I have always enjoyed reading letters and other forms of correspondence. Reading another person’s letter is like eavesdropping on one of their personal conversations. I think it is this which attracts me to letters over narrative. Narrative tells the reader something, letters speak the same something in the writer’s voice. It is the difference between reading:
“The view from her window framed a few tree branches wearing their autumn colours, gently bouncing in the breeze, distorting the view of the hotel’s swimming pool on the other side of the road.”
“Dear Mom, from my living room window I can see the prettiest leaves hanging seemingly in midair, although I know they are attached to the overgrown tree at the front of the apartments. The leaves have turned the colours of autumn, although some of their summer green is desperately trying to hang on. As they wave up and down in the breeze I get a distorted view of the swimming pool across the road, with its empty table and chairs indicating winter has indeed begun.”
Both pieces describe the scene outside of my window but, if I were the reader instead of the writer, I would always prefer the second.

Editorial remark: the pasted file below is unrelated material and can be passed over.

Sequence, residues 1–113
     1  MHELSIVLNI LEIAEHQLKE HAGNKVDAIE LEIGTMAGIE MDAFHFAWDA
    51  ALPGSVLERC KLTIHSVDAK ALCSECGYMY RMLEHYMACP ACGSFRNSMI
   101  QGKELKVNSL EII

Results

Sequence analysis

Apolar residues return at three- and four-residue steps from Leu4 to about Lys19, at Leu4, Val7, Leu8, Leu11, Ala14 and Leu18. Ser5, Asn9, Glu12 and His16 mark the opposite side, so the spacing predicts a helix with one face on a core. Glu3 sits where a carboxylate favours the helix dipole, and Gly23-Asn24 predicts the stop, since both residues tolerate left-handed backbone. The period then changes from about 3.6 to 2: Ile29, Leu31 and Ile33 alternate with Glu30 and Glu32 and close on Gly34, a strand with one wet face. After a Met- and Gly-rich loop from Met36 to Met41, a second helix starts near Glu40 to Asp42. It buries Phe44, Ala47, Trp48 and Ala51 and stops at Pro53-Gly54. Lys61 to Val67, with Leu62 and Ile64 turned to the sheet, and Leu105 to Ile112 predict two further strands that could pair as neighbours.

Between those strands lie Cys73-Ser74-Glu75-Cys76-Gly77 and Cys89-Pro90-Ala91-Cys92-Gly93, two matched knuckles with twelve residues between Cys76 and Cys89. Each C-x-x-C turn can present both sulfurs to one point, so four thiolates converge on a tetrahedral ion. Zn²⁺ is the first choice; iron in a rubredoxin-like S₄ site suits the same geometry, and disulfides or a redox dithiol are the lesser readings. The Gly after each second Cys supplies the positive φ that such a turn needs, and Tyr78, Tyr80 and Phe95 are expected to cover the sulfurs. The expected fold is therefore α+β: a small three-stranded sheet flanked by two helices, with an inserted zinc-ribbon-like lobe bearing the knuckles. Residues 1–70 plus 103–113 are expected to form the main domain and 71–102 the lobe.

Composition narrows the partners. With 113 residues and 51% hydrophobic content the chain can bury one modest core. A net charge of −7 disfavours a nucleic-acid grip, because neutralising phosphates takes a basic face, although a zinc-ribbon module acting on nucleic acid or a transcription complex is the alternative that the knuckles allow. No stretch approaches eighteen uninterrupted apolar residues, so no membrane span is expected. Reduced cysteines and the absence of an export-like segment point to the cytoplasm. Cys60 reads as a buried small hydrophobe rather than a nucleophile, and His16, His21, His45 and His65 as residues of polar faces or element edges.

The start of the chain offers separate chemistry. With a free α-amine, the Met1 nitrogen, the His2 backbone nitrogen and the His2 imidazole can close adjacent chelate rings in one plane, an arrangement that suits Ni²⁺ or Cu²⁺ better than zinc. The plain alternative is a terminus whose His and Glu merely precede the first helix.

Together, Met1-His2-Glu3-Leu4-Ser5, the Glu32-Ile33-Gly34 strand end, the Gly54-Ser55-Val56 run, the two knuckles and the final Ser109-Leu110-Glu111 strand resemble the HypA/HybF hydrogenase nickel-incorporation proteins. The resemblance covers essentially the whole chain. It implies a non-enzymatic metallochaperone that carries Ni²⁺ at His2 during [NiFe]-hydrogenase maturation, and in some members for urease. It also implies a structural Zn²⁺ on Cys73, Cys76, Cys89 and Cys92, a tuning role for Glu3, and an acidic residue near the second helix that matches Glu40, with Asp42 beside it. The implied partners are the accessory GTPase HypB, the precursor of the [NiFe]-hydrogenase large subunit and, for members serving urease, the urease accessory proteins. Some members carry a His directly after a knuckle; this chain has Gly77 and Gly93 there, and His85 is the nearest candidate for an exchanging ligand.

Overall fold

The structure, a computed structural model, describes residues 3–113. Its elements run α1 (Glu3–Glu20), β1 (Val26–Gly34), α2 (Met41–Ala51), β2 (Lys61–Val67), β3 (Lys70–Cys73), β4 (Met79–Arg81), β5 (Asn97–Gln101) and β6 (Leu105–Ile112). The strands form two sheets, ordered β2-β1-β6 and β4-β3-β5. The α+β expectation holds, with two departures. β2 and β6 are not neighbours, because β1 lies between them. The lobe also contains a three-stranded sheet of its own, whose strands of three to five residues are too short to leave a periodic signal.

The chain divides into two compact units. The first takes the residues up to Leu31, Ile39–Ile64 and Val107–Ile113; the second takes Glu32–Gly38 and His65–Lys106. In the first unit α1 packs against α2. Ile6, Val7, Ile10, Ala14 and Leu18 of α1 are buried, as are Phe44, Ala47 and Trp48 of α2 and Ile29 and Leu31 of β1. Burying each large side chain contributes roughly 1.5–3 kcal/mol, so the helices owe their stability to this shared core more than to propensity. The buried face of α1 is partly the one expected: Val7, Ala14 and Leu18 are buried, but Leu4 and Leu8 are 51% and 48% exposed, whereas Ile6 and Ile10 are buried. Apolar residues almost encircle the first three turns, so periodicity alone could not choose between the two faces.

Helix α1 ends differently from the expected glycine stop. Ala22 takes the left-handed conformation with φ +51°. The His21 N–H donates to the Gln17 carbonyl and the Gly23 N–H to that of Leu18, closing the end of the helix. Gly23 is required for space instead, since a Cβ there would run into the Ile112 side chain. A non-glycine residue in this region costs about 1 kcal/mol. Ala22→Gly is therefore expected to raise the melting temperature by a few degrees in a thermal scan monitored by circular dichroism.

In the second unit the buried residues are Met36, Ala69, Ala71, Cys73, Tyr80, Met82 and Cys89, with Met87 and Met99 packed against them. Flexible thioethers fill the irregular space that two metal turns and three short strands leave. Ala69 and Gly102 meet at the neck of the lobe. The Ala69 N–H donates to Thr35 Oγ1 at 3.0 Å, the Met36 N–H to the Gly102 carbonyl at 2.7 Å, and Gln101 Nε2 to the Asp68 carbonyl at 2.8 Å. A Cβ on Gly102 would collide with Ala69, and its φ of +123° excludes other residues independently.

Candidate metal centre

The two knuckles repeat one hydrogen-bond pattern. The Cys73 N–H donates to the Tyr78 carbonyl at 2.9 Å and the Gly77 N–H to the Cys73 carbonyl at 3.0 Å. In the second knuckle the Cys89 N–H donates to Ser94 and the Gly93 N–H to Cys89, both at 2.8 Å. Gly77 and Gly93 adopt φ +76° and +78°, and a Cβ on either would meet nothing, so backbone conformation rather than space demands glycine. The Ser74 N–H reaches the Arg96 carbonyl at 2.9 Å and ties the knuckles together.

Some of my favourite books have been based on letters. 84 Charing Cross Road by Helene Hanff, for example, which was based on a twenty-year correspondence between the author in New York and one of the buyers of a bookshop in London. The letters are quaint, full of life and interspersed with both comical and human touches, giving us an insight into the lives of the correspondents and the time they lived in.
In my research for my own manuscript, I came across a book written by Kerstin Lieff, entitled “Letters from Berlin”. In it she writes about her mother’s experience of World War II and includes letters her mother wrote during the final days of the war. This is a truly poignant book and one of the few I have found which is written from the German perspective.
Another book I discovered in my quest to know more about Germany and the lead up to WWII, was “Address Unknown” written by Kathrine Taylor in 1938. In letters written from 1932 to 1934, between a Jewish art dealer in San Francisco and his business partner who returned to Germany in 1932, the author has attempted to expose the dangers of Nazism.
While cleaning up my father’s house after his death I found many letters written to him by various family members, friends and other people I do not know, as well as copies of letters he wrote to others. Most of them are in German so I envisage spending numerous hours in translation. But it doesn’t matter. What matters is the content of the letters and what they can tell me about a man who I only knew in the present tense. I look forward to uncovering his past and finding out more about him and his life before me.